WEST Yorkshire Police’s coyness about car crime is understandable in some regards – the priority afforded to each offence does depend on the specific circumstances, the quality of evidence that might be ascertainable and the likelihood of the offender being apprehended.
Yet, while the police do have to prioritise the allocation of resources, the public are irked that officers are no longer sent out routinely to such incidents. The results of the force’s latest victim satisfaction survey reiterates this unhappiness.
However, the constabulary, and its relatively new chief constable Dee Collins, need to appreciate the importance of transparency, even more so after the South Yorkshire force was left overwhelmed by the confluence of a succession of scandals, past and present, which are proving such a distraction to all those officers tasked with rebuilding trust.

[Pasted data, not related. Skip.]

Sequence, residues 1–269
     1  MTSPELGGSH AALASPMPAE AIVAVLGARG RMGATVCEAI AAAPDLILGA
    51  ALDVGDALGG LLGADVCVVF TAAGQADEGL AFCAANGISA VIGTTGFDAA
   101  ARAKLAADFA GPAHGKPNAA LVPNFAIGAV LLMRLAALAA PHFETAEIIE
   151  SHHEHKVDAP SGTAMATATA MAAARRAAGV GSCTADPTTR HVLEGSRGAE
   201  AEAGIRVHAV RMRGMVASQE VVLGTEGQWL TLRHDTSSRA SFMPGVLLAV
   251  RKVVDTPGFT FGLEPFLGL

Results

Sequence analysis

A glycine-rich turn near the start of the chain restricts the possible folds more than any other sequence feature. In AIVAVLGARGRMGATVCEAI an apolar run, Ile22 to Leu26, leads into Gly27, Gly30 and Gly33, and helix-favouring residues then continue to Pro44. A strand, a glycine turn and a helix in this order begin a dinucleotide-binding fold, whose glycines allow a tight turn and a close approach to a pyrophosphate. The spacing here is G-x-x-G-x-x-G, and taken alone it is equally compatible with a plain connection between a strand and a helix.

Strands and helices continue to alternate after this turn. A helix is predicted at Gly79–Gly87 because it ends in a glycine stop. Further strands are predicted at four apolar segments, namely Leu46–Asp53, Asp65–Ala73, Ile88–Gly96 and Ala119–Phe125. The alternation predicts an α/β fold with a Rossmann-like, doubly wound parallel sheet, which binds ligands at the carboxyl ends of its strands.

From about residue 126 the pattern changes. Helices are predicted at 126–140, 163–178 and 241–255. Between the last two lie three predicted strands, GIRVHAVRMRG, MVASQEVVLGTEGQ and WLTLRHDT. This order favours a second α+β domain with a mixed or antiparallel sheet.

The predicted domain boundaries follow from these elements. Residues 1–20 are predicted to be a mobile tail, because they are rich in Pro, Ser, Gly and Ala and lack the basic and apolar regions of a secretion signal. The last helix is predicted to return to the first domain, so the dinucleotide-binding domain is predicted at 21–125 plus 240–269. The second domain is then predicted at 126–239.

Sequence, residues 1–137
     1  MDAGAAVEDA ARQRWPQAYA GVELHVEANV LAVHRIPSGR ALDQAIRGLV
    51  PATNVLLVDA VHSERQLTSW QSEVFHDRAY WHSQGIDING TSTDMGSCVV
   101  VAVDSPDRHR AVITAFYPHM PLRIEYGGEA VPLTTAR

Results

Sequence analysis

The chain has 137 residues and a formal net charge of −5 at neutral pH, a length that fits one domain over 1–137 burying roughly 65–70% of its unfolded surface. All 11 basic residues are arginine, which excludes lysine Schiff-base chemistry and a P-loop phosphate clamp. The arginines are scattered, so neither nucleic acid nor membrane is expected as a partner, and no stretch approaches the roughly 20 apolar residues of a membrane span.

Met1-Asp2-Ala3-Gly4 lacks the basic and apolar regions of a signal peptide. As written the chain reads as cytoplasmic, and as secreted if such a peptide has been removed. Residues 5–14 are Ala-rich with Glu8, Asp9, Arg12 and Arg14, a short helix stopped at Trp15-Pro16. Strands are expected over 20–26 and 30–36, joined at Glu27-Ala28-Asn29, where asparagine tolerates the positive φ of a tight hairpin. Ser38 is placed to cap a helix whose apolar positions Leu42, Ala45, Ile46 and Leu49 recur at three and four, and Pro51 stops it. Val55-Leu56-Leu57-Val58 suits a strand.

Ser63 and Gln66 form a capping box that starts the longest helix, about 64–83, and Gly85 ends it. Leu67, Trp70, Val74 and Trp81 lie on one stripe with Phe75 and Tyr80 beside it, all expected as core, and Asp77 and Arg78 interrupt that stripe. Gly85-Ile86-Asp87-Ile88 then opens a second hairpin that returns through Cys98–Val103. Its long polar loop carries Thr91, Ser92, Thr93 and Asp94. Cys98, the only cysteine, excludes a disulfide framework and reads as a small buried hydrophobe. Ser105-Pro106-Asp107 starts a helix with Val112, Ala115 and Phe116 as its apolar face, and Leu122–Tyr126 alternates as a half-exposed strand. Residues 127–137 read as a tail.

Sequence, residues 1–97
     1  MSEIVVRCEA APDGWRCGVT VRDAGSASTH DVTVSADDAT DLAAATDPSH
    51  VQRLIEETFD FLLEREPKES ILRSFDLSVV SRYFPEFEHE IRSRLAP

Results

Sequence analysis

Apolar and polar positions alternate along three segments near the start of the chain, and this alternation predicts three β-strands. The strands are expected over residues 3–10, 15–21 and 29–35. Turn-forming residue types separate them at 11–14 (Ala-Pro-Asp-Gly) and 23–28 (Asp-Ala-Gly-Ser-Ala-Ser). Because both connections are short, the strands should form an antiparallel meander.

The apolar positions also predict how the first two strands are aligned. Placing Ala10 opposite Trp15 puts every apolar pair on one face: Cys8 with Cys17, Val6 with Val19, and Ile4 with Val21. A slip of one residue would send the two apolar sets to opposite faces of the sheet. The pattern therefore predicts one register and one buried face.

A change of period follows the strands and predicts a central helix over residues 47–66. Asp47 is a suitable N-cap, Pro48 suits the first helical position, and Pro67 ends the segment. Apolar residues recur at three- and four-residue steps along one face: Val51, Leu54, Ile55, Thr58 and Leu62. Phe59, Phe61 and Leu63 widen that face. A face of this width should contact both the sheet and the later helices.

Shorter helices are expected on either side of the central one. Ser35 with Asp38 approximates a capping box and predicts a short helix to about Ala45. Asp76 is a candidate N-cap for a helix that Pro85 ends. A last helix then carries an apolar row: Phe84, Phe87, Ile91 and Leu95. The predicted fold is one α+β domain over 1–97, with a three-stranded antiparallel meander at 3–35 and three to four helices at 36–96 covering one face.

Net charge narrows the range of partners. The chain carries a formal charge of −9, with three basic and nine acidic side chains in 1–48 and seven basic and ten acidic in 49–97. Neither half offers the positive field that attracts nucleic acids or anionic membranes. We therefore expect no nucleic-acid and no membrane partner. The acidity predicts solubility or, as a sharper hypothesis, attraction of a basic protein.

Policing is at its best when it is a partnership between officers and the public. Rather than risking the alienation of victims who, as taxpayers, believe they are entitled to a police callout, perhaps there needs to be a greater focus on preventing car crime. And, inevitably, that requires all forces, including West Yorkshire, being more open and accountable.